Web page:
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The Mid-Willamette Valley has been a growing hotspot of homelessness and housing instability even before the COVID-19 pandemic. For a number of years, a drive downtown showed clear evidence that our community does not have an adequate system of supports for our homeless neighbors. The visual heartbreak is backed up by the Annual Homeless Assessment Report (AHAR) that Congress receives from HUD. It shows that Oregon leads the nation in terms of unsheltered families.


I’m scared it’s going to get much worse.

Response to the COVID-19 health crisis has caused formerly stable jobs to wither or disappear completely. Families that were once marginally unstable can no longer pay the rent, and families that have a roof over their heads are one small financial incident away from losing their home. We now face a looming eviction crisis unlike anything we have ever seen before. I’m worried that more children are going to sleep outside this winter.


I don’t say the following lightly: our decisions in the upcoming months will impact a generation.

An executive order from early April has prevented landlords from evicting tenants in Oregon until after September 30th. Earlier this week, Governor Brown, the Center for Disease Control and the Department of Health and Human services extended the moratorium until December 31st. Without a significant financial investment, the new year may bring a wave of evictions unlike anything we have seen before. Our economically vulnerable neighbors and their children must be defended from a fiscal fallout that is not their fault and not of their making.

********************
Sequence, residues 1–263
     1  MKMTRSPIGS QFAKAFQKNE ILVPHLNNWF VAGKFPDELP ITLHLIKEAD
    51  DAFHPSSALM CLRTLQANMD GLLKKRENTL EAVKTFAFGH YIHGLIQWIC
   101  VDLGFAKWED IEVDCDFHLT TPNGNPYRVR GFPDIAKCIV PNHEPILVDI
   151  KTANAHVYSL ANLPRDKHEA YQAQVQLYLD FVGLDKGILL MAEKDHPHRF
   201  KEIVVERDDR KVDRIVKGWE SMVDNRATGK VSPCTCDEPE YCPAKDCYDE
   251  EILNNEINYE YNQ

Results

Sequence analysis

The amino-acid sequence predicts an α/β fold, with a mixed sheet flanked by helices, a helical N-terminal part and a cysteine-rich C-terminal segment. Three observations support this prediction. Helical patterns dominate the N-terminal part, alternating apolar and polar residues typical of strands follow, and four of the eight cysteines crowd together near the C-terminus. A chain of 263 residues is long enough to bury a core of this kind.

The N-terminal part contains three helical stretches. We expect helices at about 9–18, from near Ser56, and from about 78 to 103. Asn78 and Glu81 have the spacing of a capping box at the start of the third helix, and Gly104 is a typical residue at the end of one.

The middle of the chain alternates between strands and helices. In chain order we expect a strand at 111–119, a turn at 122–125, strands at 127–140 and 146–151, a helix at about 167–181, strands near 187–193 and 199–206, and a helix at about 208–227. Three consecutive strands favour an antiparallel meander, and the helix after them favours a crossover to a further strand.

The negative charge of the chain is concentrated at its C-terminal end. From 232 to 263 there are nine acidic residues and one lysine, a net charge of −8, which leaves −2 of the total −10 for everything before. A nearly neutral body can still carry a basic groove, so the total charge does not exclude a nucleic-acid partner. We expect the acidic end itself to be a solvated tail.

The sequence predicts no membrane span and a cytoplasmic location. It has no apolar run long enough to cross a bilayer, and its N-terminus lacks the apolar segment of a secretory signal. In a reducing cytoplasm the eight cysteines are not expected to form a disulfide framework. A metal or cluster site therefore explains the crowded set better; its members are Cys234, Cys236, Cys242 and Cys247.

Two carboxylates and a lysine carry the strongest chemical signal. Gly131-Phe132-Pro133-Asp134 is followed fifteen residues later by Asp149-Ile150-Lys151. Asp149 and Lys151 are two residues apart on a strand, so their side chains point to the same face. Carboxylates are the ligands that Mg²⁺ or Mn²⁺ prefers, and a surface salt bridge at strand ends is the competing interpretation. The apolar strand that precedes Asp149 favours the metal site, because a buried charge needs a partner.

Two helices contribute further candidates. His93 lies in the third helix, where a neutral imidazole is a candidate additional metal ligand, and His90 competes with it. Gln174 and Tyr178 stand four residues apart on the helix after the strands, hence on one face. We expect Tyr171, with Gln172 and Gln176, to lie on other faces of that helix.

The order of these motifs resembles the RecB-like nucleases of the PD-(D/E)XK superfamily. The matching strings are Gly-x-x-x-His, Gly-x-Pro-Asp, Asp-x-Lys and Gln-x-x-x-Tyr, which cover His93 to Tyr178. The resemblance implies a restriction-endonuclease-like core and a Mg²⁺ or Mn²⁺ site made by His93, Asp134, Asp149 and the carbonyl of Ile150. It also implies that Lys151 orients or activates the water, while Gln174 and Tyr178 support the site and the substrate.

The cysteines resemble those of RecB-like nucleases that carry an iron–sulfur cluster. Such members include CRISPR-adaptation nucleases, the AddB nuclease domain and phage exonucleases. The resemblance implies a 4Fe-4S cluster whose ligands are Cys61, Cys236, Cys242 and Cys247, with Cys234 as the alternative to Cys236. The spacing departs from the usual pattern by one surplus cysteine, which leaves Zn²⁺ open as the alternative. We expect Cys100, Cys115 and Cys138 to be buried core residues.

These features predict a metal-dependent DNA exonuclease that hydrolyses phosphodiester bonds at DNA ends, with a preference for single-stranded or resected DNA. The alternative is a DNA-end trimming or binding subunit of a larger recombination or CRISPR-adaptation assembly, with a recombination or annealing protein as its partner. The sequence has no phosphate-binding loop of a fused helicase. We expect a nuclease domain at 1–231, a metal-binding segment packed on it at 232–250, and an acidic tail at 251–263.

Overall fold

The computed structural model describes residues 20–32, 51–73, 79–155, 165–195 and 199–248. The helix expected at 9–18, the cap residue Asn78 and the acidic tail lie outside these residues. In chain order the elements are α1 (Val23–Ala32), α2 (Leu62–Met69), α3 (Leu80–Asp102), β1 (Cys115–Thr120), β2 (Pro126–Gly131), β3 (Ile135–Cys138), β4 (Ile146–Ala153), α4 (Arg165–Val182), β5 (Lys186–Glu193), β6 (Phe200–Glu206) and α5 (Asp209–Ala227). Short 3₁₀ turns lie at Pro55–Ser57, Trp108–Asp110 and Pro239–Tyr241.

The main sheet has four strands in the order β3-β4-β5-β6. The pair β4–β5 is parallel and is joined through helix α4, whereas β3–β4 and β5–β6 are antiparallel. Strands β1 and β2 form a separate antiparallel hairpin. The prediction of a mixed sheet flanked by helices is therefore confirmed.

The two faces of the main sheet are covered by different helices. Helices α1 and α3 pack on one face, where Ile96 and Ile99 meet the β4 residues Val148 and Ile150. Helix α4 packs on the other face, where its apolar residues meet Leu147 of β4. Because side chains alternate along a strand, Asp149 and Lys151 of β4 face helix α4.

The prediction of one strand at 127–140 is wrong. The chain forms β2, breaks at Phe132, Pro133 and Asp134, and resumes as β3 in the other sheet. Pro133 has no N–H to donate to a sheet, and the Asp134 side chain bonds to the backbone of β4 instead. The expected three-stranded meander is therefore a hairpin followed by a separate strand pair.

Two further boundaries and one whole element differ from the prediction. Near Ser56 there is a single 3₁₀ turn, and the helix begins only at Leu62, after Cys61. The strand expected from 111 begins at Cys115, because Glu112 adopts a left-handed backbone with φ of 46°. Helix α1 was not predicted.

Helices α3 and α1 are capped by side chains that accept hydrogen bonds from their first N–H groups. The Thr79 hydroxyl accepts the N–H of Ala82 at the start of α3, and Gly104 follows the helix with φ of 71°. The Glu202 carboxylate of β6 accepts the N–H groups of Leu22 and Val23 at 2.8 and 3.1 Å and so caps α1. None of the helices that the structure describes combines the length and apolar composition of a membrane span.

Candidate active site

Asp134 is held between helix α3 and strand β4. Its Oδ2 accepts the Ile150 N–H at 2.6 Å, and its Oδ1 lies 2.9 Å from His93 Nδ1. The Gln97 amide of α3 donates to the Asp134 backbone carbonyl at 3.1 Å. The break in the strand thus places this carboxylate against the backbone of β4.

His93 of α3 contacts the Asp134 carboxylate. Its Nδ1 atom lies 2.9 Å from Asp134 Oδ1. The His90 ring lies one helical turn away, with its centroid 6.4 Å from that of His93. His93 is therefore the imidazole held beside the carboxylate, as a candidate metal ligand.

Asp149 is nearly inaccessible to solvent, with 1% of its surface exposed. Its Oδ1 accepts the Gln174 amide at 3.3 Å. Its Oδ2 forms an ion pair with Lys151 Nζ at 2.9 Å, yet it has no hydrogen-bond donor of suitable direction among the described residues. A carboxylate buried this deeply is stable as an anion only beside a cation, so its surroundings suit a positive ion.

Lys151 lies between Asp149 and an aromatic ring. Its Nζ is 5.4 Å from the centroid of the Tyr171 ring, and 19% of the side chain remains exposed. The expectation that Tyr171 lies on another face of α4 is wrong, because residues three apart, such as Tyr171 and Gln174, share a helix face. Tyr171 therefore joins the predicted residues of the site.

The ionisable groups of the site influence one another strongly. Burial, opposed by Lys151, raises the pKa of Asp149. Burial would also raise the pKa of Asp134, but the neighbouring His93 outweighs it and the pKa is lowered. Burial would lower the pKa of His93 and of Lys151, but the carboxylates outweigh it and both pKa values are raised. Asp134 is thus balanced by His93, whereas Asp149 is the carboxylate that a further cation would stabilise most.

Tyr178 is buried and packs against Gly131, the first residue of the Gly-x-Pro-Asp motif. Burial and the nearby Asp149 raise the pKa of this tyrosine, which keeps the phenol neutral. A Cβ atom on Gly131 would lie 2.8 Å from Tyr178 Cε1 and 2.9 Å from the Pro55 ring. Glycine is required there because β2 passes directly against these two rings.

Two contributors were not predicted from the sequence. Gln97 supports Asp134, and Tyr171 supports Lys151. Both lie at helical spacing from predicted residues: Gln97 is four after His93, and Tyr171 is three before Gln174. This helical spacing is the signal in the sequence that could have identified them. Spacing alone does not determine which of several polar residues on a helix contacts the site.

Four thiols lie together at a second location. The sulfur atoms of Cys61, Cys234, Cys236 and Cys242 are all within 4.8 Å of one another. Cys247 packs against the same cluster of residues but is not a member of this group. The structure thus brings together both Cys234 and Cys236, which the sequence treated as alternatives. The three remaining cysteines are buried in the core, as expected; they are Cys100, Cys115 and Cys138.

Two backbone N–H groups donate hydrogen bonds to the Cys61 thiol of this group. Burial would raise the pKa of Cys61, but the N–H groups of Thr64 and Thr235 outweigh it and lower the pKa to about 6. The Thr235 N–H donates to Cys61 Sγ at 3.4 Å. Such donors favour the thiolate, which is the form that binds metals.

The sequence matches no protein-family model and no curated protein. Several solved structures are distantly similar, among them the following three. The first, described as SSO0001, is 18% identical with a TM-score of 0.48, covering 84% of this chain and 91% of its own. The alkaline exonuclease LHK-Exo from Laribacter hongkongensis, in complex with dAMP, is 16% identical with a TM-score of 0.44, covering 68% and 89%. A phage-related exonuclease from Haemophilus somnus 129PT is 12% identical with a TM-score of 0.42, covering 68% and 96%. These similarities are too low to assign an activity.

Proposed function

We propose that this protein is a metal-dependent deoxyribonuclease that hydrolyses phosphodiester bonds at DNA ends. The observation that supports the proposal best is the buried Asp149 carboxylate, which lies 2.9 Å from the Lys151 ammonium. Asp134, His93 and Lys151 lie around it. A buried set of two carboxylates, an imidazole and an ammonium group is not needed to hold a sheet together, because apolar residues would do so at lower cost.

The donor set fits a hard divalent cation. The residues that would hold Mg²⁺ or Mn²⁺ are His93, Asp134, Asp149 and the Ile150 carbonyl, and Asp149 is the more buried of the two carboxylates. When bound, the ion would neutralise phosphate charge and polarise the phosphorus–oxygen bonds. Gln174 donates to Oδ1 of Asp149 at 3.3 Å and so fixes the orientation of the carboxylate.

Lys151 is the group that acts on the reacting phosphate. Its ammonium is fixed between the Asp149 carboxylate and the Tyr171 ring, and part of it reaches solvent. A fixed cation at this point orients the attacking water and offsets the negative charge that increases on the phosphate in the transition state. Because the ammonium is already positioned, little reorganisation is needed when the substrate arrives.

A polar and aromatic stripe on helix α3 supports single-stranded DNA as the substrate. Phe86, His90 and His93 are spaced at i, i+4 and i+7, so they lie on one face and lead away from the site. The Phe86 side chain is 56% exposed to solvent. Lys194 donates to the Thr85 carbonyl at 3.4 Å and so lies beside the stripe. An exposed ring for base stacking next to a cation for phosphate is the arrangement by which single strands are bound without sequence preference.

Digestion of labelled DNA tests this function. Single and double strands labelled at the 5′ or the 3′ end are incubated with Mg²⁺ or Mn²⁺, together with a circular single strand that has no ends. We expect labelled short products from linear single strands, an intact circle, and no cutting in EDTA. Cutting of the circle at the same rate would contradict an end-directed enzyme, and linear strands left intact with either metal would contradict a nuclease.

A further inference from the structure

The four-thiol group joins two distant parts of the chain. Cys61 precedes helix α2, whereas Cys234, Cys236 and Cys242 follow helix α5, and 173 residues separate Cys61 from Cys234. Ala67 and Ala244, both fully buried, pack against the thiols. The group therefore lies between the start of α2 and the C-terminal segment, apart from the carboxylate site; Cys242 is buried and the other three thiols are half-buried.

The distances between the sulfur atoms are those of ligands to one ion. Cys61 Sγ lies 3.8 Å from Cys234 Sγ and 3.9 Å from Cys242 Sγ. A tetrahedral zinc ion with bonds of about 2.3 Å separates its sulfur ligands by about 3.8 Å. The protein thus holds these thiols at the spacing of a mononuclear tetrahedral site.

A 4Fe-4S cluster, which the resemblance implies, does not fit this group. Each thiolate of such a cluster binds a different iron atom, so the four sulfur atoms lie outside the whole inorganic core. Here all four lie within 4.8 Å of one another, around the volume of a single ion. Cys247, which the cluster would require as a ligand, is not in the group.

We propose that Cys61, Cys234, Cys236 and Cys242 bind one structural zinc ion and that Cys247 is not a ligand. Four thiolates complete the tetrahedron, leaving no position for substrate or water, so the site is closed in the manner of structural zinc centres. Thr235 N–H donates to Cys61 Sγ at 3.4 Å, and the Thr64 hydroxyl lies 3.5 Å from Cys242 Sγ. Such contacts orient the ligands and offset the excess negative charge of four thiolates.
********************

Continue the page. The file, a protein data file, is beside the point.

Avoiding eviction and keeping families housed makes good financial sense. Our model at Family Promise of the Mid-Willamette Valley has good data that shows actual costs for prevention, shelter, and long-term support. Over the past four years, we have found that it costs about $153 per year to keep a child housed. Compare that to an average of $4,500 we must spend every time we rehouse a homeless family. If that same family becomes chronically homeless, stabilizing that household costs close to $15,000 per year. That figure is just a fraction of the long-term costs of homelessness to the public. In addition, industry data shows that there is no discernible difference in rent collection rates in states with eviction moratoriums still in place and those whose moratoriums have expired.


To meet this impending crisis, we need compassion and caring for every member of our community. I ask you to support shelters and service providers like Family Promise so we can amplify our work. Talk to law makers and urge them to continue the moratorium on evictions, to continue rental assistance that keeps families housed, and to enact legislation that protects renters.


If you want to help, please contact us at tj@familypromisemwv.org. If you or someone you know is in need of assistance, please reach out to info@familypromisemwv.org.

COVID-19 has altered our way of life; don’t let it negatively impact the lives of vulnerable Oregon families forever.

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  • T.J. Putman